Forker hails special Armagh minor crop

By Michael McMullan

ARMAGH minors have booked an All-Ireland semi-final clash with Mayo later this month and selector Stefan Forker has heaped the praise at the players’ door.

It will be a first appearance in the last four since 2009 when a side including current senior stars Andrew Murnin and Rory Grugan went on to beat Mayo in the final.

Armagh were Ulster champions four years earlier but Mayo edged the Orchard County by a point at the quarter-final stage.

“It’s not familiar territory for sure,” Forker said, “we spoke about the privileged position that we were in as Armagh minors.”

Their 0-12 to 1-7 Ulster final defeat to Derry was the county’s first appearance in a provincial final at this grade for over a decade.

Armagh bounced back with a comfortable win over Leinster champions Longford with Conall Wilson and Diarmaid O’Rourke playing starring roles running from deep.

“There’s no hangover at all from the final,” Forker said. “We probably got a few pats on the back that we didn’t want, as if to say we got close to Derry.”

After dusting themselves down, it was a case of getting reset and they now face into an All-Ireland semi-final against an impressive Mayo side who easily accounted for Cork in the last eight.

“We missed a lot as well,” Forker said of his own side’s performance against Longford. “We went for goals at the start, which was silly play from our point of view. We stuck to the task and kept the scoreboard sticking over in the second half.”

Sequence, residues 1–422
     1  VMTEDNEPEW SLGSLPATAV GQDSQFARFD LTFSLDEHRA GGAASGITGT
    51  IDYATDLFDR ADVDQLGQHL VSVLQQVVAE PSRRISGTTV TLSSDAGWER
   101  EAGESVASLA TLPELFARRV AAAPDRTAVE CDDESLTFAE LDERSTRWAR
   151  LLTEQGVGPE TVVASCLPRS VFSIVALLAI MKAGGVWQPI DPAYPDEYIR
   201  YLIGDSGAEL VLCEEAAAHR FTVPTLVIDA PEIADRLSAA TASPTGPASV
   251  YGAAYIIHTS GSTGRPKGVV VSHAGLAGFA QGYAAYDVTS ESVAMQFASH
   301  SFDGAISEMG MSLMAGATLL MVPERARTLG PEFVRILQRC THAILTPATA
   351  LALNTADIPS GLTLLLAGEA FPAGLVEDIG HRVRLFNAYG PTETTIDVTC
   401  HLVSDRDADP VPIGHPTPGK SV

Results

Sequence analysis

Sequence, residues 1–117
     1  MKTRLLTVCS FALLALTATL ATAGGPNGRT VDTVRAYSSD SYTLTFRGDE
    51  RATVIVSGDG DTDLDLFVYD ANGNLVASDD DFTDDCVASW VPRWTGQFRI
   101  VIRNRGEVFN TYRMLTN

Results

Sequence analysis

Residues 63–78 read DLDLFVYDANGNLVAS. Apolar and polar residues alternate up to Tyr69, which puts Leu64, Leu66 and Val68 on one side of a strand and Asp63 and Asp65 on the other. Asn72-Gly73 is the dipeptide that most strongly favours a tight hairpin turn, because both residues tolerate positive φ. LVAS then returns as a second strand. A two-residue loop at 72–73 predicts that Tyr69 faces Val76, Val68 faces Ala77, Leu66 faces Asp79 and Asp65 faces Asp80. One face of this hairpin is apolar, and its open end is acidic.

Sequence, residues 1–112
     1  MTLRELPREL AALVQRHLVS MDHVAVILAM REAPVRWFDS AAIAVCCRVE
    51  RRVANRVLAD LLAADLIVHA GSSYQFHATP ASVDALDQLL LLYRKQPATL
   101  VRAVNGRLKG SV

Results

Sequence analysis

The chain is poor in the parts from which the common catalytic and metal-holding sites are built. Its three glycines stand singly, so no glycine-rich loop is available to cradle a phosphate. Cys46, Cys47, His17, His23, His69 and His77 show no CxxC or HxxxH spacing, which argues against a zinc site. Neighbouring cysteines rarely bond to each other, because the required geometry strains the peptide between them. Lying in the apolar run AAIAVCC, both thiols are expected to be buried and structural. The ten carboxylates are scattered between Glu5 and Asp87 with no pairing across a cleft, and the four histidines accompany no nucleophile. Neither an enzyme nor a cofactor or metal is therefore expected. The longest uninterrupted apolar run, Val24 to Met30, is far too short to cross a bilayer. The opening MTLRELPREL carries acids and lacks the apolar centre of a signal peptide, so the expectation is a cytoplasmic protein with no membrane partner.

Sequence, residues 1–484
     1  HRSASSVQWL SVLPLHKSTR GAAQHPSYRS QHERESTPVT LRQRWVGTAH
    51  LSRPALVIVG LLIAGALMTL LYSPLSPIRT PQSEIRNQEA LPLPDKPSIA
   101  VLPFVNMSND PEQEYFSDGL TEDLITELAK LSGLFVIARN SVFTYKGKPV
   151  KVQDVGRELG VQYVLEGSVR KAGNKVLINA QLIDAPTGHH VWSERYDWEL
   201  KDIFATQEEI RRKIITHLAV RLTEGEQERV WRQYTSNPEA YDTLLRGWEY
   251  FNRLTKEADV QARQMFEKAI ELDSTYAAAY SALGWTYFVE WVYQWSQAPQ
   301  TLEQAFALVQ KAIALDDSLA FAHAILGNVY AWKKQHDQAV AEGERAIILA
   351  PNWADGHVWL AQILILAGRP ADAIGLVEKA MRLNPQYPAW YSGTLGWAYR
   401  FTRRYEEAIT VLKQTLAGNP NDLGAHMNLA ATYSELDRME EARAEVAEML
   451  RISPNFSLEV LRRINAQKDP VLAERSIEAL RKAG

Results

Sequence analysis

Since the All-Ireland quarter-finals were introduced in 2002, it has given a second chance to beaten provincial finalists. Like other counties before them, Armagh are taking full advantage of the extra run of games. But what else is different this season in the camp?

“I suppose we have a cohort of players that are good enough,” Forker said of the main ingredient to a progressive campaign.

“Armagh always produce good players, as you can see the way the senior team is going, but maybe not all at the same time.

“We think that we have boys here who are not only talented, but you can see from the work rate there that they’re just hungry for work.

“They’re hungry for work and training. It’s alright coaching, but they’re taking it on board.

“You can talk to your blue in the face in set-ups about kick-outs and you have different calls, but the boys need to do their homework and they always do. They’re diligent about that.”7

Our All-Ireland minor coverage is brought to you in association with Electric Ireland.

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